Kullaberg Nature Reserve is located in the south west of Sweden, on a peninsula with a ridge pointing out to the sea. The area has been inhabited since the stone-age and was in fact the first part of what today is Sweden to show when the continental glacier withdrew after the last glacial period. At the peak is a lighthouse overlooking the strait of Öresund and you can see the Danish coastline.
- Tell us all about your “natural treasure”: Which is the species or habitat you learn and work with the most in your Protected Area? What is special about it?
In the marine reserve of Kullaberg, you can see seals and harbour porpoise and the steep cliffs the peregrine falcon mate.Even though it is quite small, the Kullaberg Nature Reserve is the most visited nature reserve in Sweden with more than half a million visitors each year. With that kind of exposure and several commercial companies engaging in activities such as scuba diving, rock climbing and mountain biking, there is a lot of work needed to maintain Kullaberg a sustainable tourism destination.
- Describe us what you and your fellow Junior Rangers are doing/will do to learn more and protect your natural treasure. Do you even teach others?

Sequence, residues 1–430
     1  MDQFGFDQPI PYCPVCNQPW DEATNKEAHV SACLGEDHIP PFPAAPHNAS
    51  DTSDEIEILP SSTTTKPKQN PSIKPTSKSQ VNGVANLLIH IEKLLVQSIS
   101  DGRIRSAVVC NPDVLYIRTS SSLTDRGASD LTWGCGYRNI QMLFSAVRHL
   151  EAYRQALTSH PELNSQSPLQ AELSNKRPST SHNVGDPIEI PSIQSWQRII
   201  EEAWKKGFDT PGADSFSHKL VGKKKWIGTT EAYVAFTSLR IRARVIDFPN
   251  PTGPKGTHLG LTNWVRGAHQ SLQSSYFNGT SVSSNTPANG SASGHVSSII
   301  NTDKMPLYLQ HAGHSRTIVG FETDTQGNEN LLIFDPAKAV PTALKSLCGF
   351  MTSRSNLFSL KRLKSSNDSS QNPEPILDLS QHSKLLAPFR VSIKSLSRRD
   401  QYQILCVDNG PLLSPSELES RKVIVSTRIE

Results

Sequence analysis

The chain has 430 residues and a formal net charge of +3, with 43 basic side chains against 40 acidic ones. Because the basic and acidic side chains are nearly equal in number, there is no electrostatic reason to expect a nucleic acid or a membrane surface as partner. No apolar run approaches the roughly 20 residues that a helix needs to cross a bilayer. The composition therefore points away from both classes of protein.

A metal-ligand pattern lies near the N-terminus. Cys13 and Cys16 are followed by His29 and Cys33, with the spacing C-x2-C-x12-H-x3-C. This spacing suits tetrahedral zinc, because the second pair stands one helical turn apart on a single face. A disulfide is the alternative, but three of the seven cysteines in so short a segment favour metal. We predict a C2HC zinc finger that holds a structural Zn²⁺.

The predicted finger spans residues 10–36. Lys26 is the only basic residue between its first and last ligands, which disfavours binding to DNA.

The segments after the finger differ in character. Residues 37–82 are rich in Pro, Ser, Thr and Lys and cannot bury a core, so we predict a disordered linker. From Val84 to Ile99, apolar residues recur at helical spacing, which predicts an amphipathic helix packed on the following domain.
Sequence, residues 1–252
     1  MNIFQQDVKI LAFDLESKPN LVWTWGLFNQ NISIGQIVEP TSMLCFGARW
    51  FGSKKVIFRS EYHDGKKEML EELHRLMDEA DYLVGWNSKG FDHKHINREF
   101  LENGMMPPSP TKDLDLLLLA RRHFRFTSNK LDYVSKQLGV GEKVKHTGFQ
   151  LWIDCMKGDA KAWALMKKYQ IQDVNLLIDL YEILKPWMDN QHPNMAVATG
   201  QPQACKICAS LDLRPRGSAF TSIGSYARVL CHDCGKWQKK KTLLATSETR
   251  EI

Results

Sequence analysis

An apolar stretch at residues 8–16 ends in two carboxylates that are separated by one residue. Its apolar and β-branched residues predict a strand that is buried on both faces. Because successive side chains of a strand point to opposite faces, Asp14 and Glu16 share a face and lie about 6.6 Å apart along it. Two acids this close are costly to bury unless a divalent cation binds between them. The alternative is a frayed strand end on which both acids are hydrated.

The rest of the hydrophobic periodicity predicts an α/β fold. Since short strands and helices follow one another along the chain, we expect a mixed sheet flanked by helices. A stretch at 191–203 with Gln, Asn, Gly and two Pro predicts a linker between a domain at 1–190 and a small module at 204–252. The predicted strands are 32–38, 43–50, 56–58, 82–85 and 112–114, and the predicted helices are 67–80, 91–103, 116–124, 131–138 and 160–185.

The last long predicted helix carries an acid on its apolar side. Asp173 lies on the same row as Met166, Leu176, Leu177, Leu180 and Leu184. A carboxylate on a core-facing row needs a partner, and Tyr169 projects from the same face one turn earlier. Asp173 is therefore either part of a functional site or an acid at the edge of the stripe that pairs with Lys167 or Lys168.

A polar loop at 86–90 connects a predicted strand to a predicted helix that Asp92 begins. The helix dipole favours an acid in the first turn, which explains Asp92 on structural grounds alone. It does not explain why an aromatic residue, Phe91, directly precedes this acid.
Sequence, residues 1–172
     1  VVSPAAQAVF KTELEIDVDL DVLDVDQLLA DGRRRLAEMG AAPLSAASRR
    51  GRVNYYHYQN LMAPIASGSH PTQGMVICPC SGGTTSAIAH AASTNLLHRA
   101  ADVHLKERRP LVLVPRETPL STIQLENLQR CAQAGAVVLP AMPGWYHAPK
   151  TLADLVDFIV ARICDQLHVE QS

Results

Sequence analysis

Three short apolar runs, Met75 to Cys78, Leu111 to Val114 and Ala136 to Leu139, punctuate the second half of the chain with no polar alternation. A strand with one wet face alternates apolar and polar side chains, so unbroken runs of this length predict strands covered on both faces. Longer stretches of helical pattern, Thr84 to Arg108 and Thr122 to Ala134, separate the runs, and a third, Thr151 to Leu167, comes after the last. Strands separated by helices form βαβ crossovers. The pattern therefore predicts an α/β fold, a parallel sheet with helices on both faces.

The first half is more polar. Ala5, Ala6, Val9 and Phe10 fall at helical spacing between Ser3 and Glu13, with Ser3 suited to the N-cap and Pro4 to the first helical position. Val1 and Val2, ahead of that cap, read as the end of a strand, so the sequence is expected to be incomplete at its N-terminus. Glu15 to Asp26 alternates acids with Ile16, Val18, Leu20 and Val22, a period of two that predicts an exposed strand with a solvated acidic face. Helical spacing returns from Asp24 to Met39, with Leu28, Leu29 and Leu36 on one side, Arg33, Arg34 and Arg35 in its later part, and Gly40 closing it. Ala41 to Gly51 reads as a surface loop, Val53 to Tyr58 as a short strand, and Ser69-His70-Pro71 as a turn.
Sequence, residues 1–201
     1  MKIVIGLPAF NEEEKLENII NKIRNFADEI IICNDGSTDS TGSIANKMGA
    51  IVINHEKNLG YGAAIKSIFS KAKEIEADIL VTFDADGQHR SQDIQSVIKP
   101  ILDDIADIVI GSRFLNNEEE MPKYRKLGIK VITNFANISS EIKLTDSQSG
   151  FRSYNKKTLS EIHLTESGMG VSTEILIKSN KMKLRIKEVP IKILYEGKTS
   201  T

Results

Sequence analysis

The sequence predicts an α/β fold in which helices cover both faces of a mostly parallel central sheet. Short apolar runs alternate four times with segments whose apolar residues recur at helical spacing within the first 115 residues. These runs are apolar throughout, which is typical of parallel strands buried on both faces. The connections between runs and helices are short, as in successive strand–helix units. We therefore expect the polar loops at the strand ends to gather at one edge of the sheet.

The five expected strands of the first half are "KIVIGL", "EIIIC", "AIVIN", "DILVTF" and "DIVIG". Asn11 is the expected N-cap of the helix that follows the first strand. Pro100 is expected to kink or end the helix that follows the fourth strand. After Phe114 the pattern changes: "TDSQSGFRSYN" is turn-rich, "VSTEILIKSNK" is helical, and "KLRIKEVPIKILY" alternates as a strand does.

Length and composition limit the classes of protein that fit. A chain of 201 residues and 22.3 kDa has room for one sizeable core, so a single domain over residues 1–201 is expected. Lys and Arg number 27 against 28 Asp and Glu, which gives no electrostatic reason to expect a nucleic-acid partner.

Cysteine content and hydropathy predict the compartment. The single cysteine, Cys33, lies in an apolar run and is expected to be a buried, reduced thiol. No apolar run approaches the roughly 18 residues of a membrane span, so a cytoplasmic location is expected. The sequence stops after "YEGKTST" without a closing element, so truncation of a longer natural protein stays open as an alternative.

The area that is of most interest to the Kullaberg Junior Ranger Group is the marine nature reserve and in particular the pollution and amount of plastic waste in the sea. One Kullaberg Junior Ranger says:
Kullaberg is fairly well-protected on land but the marine nature reserve is more vulnerable. All kind of plastic waste floats in and we can make difference by helping to clear the coastline from it!
The group also helps with other things; like monitoring invasive species and supporting the population of the red-listed eel by releasing glass eel in the marine nature reserve. Besides the Kullaberg Junior Ranger Group has been working to provide a new secure fire-place and wood for burning in an area where there previously had been several illegal fireplaces made.